First, I have been unable to determine the name of the building in the center, the one that appears to have a spire. If anyone can identify it, please leave a comment. Many buildings in what was known as the Civic Center at the time of this old postcard were representative of the Pendergast era.
At the start of the 20th century, political machines attempted to gain clout in the city, with the one led by Tom Pendergast emerging as the dominant machine by 1925. Several important buildings and structures were built during this time, including the Kansas City City Hall and the Jackson County Courthouse—both added new skyscrapers to the city's growing skyline. The machine fell in 1939 when Pendergast, riddled with health problems, pleaded guilty to tax evasion. [Wikipedia]
The building on the left in this old postcard is the City Hall that was built following the demolition of the 2nd City Hall that was located in a different spot (see photo of the gorgeous old building here). Some particulars of this City Hall, via Wikipedia:
The City Hall of Kansas City, Missouri, is the official seat of government for the city of Kansas City, Missouri. It is a 29-story skyscraper located in downtown Kansas City, and has an observation deck on the top of it. It is the fourth tallest city hall in the world, and the seventh tallest building in Kansas City.
The City Hall was built in 1937, under the influence of Tom Pendergast (who owned a concrete company that built the city hall), the "political boss" of Kansas City at the time. It was built to "counter" the effects of the great depression on Kansas City, and was part of a series of other government buildings, which include the Jackson County Courthouse. Both buildings were designed by Wight and Wight.
The mayor's office is on the 29th floor and the City Council chamber is on the 26th floor. The City Hall is considered a "Beaux-Arts" style building, but has Art Deco elements on the interior. The interior of the city hall is full of Italian gray, red, white, and green marble which lines the halls and the floors of the building. It was dedicated on October 25th, 1937 and required 20,000 cubic feet (570 m3) of concrete, 7,800 tons of stone, 6,800 tons of steel and, as one newspaper put it, "a lake of paint" to build. One Kansas City Place, the tallest building in Kansas City and the state of Missouri was built based as a tribute to the architectural style of City Hall.
Jackson County Courthouse, the building on the right in this postcard, is located at 415 E. 12th Street in Downtown Kansas City. History follows:
It was built in 1934, designed by Wight and Wight in an Art Deco style. Harry S. Truman who was presiding judge of the Jackson County Court at the time had wanted it designed similar to the Caddo Parish, Louisiana courthouse in Shreveport, Louisiana. Edward F. Neild who designed the Shreveport courthouse was hired as consulting architect-engineer. Neild would later die while designing the Truman Library.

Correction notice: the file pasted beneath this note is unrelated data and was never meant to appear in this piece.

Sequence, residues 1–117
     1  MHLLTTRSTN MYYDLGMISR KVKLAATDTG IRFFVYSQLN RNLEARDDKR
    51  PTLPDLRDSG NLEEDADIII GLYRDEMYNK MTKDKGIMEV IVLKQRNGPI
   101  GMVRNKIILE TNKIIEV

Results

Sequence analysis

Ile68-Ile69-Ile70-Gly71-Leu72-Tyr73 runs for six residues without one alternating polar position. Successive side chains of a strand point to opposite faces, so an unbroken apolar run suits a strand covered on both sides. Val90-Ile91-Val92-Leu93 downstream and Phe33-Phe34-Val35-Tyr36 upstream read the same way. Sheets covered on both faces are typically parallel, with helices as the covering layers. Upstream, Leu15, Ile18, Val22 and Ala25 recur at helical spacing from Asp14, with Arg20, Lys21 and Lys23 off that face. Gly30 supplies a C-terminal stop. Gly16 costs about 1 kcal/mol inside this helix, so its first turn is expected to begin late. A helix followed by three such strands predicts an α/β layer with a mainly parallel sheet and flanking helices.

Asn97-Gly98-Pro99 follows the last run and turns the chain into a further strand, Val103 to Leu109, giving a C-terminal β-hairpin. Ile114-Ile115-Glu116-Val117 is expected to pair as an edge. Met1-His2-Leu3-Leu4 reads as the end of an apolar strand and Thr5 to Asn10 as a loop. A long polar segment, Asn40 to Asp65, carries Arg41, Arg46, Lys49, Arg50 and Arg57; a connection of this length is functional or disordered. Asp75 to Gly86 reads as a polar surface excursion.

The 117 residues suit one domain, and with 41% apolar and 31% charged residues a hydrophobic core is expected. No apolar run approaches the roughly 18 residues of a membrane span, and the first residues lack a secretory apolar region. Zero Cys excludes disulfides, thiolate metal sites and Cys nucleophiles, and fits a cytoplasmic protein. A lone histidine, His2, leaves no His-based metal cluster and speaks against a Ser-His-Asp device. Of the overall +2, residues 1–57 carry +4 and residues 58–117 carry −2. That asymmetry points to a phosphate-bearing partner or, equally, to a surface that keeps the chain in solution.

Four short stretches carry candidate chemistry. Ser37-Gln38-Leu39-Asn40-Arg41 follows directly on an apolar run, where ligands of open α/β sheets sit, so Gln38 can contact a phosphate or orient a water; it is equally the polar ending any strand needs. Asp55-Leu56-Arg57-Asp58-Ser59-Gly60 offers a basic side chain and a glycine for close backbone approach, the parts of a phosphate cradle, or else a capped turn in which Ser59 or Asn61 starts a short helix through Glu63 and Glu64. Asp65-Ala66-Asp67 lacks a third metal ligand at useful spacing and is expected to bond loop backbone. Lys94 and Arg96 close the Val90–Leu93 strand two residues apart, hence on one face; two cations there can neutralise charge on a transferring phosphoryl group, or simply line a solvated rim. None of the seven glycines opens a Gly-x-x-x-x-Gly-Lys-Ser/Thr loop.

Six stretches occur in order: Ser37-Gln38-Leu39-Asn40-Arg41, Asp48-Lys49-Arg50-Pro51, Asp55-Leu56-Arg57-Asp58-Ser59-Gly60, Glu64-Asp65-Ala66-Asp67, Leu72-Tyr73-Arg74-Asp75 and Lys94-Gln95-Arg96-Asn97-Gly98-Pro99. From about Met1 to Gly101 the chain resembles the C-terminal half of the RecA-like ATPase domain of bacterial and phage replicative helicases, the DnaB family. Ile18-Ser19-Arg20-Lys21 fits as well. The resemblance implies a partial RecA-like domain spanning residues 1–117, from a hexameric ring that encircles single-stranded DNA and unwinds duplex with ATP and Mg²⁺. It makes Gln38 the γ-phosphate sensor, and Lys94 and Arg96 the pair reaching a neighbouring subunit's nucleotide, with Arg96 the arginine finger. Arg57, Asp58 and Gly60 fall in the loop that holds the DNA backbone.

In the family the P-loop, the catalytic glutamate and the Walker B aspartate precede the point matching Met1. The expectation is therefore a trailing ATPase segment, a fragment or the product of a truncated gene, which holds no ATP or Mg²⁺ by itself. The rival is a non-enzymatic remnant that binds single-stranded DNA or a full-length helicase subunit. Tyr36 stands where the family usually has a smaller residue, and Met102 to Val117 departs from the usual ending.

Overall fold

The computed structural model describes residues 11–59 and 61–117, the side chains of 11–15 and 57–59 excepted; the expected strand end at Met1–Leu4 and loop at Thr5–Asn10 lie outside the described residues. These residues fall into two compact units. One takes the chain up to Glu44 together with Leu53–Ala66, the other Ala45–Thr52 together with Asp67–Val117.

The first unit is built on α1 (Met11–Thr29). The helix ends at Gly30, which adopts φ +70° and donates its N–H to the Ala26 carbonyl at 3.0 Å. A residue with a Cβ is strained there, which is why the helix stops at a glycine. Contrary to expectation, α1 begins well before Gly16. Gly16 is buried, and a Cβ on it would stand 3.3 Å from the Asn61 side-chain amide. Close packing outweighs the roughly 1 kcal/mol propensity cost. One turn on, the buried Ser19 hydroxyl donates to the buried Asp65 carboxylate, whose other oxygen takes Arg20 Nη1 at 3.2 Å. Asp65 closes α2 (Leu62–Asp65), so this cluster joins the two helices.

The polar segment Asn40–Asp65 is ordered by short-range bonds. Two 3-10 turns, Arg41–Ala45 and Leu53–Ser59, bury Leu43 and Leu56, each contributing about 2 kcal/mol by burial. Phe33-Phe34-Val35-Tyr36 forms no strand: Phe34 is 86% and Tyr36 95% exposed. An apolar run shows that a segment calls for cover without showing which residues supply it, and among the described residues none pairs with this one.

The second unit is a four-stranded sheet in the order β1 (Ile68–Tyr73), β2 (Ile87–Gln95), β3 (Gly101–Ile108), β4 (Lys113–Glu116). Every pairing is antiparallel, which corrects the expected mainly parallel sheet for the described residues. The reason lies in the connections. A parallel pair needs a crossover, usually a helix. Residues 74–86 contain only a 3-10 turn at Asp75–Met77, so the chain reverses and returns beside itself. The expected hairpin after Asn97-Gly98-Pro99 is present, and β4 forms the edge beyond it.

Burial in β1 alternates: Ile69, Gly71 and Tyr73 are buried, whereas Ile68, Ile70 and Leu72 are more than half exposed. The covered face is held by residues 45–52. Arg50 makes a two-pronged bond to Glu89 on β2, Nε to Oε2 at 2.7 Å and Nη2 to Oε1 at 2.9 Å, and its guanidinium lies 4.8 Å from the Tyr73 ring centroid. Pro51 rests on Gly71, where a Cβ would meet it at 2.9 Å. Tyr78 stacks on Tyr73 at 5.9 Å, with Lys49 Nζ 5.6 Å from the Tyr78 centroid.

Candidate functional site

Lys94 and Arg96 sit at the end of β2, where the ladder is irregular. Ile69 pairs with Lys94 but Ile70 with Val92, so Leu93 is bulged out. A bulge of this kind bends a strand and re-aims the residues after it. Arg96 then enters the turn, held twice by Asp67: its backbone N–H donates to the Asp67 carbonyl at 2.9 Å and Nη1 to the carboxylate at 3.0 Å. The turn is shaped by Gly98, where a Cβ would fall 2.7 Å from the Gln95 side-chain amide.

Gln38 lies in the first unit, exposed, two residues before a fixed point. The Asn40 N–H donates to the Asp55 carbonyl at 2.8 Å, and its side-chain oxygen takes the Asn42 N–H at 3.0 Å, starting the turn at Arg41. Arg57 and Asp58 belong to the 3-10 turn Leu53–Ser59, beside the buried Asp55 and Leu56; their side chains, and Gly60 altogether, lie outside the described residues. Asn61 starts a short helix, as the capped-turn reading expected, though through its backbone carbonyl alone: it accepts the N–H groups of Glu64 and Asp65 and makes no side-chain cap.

It replaced the previous Kansas City courthouse annex at 5th and Oak, which was a fire hazard and needed to be replaced. It was approved in a 1931 $4 million bond issue (which also included construction of the neighboring Kansas City City Hall. It was dedicated in December 1934. Truman had an office in the new courthouse building during most of his first term as U.S. Senator from 1935 to 1939.
In 1922, Harry S. Truman won election as county judge for eastern Jackson County as a candidate of the Tom Pendergast faction of the Democratic Party. He failed to be re-elected in 1924, but, then won election as presiding judge in 1926. Truman served in this position in effect as county commissioner for eight years. He divided his time between the two Jackson County courthouses: the courthouse in Independence in Independence and this one in Kansas City.
The courthouse contains an elaborate painted ceiling on the 2nd floor featuring portraits of county employees. The mural was completed by artist Chris Doyle in 2008. [Wikipedia]
I found this marvelous photo (below) at Kansas City with the Russian Accent, filed under "Old Photos: Even More of 1938 Kansas City." The photo was identified at the source in comments by one brojangles. I cannot confirm the validity of his comments, but they make a great story!
© Time Inc. William Vandivert
The old guy looking across downtown is, I think, Henry McElroy. He was the first City Manager of KCMO after the city charter was changed. He got the job as a crony of Tom Pendergast. My guess is that the picture was taken from atop City Hall, which, along with the Jackson County Courthouse and Municipal Auditorium (visible in the center of the photo, just to the right of the P&L Building) was built during his administration. He was later indicted for fraud and embezzlement, but got sick and died before the case went to trial.
Did you notice in the lower left of the postcard that the photo was "Courtesy of the Kansas City Chamber of Commerce"? This is a stretch, having nothing at all to do with KCMO, but that notation reminded me of an interview that ran locally following election day. As you may be aware, Oregon (where I live) voted against legalizing marijuana, but our neighboring state of Washington and the State of Colorado both voted for legalizing it in small quantities. I read that the Denver Metro Chamber of Commerce was against the initiative (see article at insidecounsel.com) — but not so in the case of the Skamania County Chamber of Commerce in Washington, that sees a potential for tourism. The times are changing....